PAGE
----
You’ve read the title, I’m sure. If you love movies like I do, let me make it clear that I’m not talking about the 2011 romantic comedy starring Anna Farris and Chris Evans. Although I’d say funny girl Anna Farris was her usual witty self in that flick and I’m sorely tempted to enumerate the things I didn’t particularly like about the movie, we’ll stick to our guns and talk money this time.
It’s been a while since money was tackled around here, and I don’t want the followers of this blog to start believing that personal finance is long dead and gone as a topic at Career Mom Online.
Preparing for retirement
There is this notion that when a person starts to contemplate about retirement, he’s getting old. Years back, I would have thought the same thing. A few personal finance books later, I realized it’s never too early to think about retirement. If you realize there’s such a thing called retirement only when you’re nearing retirement age, you might not have enough time to financially prepare for it.
While I concur that a secure and comfortable retirement isn’t solely about the money, that it also has a lot to do with gradual and smooth transition from one life to another, especially for people whose self-esteem is derived from their careers, let’s face it – having sufficient financial resources makes retirement a whole lot easier.
That said, let’s go back to our question. Indeed, what’s your number? As you might have already guessed, I’m referring to the magic number you’d need to retire securely and comfortably.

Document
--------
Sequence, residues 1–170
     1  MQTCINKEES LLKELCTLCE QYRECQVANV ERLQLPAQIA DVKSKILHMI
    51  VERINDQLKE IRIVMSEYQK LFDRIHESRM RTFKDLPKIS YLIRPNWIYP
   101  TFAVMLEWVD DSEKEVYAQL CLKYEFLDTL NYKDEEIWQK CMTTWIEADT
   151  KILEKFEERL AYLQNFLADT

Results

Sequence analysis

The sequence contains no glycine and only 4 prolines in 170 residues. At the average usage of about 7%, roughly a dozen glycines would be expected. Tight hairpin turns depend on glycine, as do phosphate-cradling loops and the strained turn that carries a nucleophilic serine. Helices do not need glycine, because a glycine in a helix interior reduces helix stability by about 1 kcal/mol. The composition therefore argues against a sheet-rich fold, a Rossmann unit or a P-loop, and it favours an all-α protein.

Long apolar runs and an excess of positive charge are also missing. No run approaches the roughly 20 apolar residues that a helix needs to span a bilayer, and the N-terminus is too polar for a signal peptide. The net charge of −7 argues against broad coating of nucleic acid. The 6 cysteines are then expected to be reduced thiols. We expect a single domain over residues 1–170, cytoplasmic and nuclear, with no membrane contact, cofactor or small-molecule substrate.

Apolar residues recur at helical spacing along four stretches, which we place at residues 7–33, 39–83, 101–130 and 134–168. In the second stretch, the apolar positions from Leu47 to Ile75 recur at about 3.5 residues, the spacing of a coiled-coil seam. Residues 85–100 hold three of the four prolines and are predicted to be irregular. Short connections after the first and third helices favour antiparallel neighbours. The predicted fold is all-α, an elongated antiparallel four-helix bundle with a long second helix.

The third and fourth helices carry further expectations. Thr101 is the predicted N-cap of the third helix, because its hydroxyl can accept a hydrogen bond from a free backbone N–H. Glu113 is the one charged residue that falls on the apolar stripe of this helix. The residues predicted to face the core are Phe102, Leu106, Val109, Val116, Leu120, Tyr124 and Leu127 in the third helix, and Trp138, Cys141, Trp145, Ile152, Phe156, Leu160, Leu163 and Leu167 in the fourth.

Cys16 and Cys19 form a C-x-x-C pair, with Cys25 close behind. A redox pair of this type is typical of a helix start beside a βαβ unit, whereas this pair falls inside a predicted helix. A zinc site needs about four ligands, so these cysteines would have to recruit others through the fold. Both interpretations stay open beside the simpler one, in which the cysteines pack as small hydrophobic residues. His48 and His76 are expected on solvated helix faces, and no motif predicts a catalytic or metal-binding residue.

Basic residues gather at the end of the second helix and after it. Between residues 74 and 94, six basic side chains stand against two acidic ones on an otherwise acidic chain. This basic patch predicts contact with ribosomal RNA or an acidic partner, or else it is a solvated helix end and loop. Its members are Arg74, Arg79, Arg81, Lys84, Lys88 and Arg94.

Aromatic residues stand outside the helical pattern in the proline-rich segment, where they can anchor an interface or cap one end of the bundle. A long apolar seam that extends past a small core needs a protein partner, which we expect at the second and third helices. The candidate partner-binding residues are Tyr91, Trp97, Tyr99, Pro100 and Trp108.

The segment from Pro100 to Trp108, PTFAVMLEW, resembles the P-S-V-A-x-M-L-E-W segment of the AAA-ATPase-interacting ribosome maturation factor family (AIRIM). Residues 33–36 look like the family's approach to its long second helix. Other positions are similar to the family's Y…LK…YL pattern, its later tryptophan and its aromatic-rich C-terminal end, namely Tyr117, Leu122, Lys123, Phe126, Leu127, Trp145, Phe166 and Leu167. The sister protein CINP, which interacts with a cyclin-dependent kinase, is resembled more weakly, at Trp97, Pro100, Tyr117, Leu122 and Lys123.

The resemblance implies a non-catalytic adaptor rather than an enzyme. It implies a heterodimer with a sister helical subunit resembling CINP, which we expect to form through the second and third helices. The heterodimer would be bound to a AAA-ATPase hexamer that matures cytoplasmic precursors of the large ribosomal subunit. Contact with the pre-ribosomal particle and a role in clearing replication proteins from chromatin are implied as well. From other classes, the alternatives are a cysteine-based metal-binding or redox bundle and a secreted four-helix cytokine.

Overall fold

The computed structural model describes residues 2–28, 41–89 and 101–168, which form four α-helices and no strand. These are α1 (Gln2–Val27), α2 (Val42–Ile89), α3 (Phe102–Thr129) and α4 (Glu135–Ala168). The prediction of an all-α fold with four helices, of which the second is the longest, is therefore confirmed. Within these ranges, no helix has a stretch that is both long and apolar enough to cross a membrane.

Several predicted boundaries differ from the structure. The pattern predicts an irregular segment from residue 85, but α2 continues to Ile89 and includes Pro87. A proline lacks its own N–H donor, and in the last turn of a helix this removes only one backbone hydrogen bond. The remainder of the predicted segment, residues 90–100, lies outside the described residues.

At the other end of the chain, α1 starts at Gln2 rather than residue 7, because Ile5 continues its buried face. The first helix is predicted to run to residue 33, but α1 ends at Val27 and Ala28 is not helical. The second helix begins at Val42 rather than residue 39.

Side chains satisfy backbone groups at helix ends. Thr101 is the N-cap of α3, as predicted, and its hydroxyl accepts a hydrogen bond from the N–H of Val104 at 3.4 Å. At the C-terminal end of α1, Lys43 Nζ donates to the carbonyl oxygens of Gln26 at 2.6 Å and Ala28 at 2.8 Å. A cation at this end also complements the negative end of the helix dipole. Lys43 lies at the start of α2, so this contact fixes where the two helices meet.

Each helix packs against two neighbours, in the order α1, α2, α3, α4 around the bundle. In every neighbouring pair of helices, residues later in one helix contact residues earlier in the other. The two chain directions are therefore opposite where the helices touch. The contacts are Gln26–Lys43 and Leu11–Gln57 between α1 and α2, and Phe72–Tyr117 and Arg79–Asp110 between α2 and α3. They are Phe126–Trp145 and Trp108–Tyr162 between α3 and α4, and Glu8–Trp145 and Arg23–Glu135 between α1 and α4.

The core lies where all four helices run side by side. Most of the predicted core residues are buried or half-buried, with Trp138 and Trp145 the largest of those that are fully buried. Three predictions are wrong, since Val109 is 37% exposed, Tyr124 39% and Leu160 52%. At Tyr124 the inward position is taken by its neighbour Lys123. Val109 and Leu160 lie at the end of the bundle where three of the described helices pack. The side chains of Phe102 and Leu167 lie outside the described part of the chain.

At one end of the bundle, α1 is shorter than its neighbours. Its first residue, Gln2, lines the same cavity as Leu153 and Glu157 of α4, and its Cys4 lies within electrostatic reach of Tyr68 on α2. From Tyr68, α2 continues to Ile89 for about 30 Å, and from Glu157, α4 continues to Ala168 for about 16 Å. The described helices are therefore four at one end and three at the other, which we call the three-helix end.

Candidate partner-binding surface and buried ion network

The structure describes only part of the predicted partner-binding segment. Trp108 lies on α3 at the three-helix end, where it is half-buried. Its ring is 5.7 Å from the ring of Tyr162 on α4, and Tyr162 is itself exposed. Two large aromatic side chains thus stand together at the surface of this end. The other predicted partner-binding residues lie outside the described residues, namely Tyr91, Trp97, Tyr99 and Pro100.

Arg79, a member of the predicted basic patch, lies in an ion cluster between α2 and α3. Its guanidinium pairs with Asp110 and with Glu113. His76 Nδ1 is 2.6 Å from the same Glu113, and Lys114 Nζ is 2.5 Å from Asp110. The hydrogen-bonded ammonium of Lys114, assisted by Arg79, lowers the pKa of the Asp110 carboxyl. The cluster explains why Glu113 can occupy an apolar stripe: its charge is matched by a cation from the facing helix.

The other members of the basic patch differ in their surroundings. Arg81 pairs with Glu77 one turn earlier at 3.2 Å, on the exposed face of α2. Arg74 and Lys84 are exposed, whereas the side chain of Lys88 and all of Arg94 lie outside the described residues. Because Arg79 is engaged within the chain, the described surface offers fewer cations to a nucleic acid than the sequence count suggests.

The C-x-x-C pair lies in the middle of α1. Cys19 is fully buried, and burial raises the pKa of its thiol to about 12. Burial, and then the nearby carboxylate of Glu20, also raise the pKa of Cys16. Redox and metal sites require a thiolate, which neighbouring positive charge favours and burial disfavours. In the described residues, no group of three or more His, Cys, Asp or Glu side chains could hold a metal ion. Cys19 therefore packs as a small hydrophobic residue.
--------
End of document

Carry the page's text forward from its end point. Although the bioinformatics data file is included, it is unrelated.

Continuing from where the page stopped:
Interesting question, isn’t it? The answer is, as some of you might be aware, it depends.
- It depends on the amount of money you would need to sustain the lifestyle you desire when you retire. If you envision yourself traveling to places you’ve never been to before, you’re going to need much more than somebody who prefers to live a simple, quiet life.
- It also depends on when you plan to retire, whether or not you’re in the mood to work beyond the mandatory retirement age of 65, and how long you expect to be in retirement.
From the above qualifiers alone, it’s clear that determining your number may require a bit of work, especially if you take into account the cost of inflation, returns on investment and the cost of healthcare by the time you’re retired.
Know your number
To know if you’re on track to meet your retirement needs, check out the following:
- Online calculator. Although it doesn’t clearly say the amount you’ll need for retirement, based on prevailing savings rates, this online calculator from MSN can determine whether you’re financially on track for retirement or need to ramp up. (Just ignore the $ sign if your country’s currency is not in dollars.) Remember though that while online calculators give you a broad overview of relevant retirement planning factors, they are based on assumptions and cannot be deemed accurate.
- Ballpark figure. Your retirement amount may also be estimated by multiplying your current annual salary by 12. John Ameriks, an investment counseling and research group head, asserts, “People shouldn’t get too comfortable until they have a number that’s 12 or more times their current salary.”
Disclaimer: The information provided in this article is not intended to replace sound financial advice from a qualified financial planner. To accurately know your number, talk to your trusted financial adviser.
Latest posts by Maricel Rivera (see all)
- Creating a Working Environment in the Home - October 4, 2013
- Time Management is Life Management: When Life Gets Inundated by Time - June 16, 2013
- Speed Writing Is Not Rocket Science, Or Is It? - June 9, 2013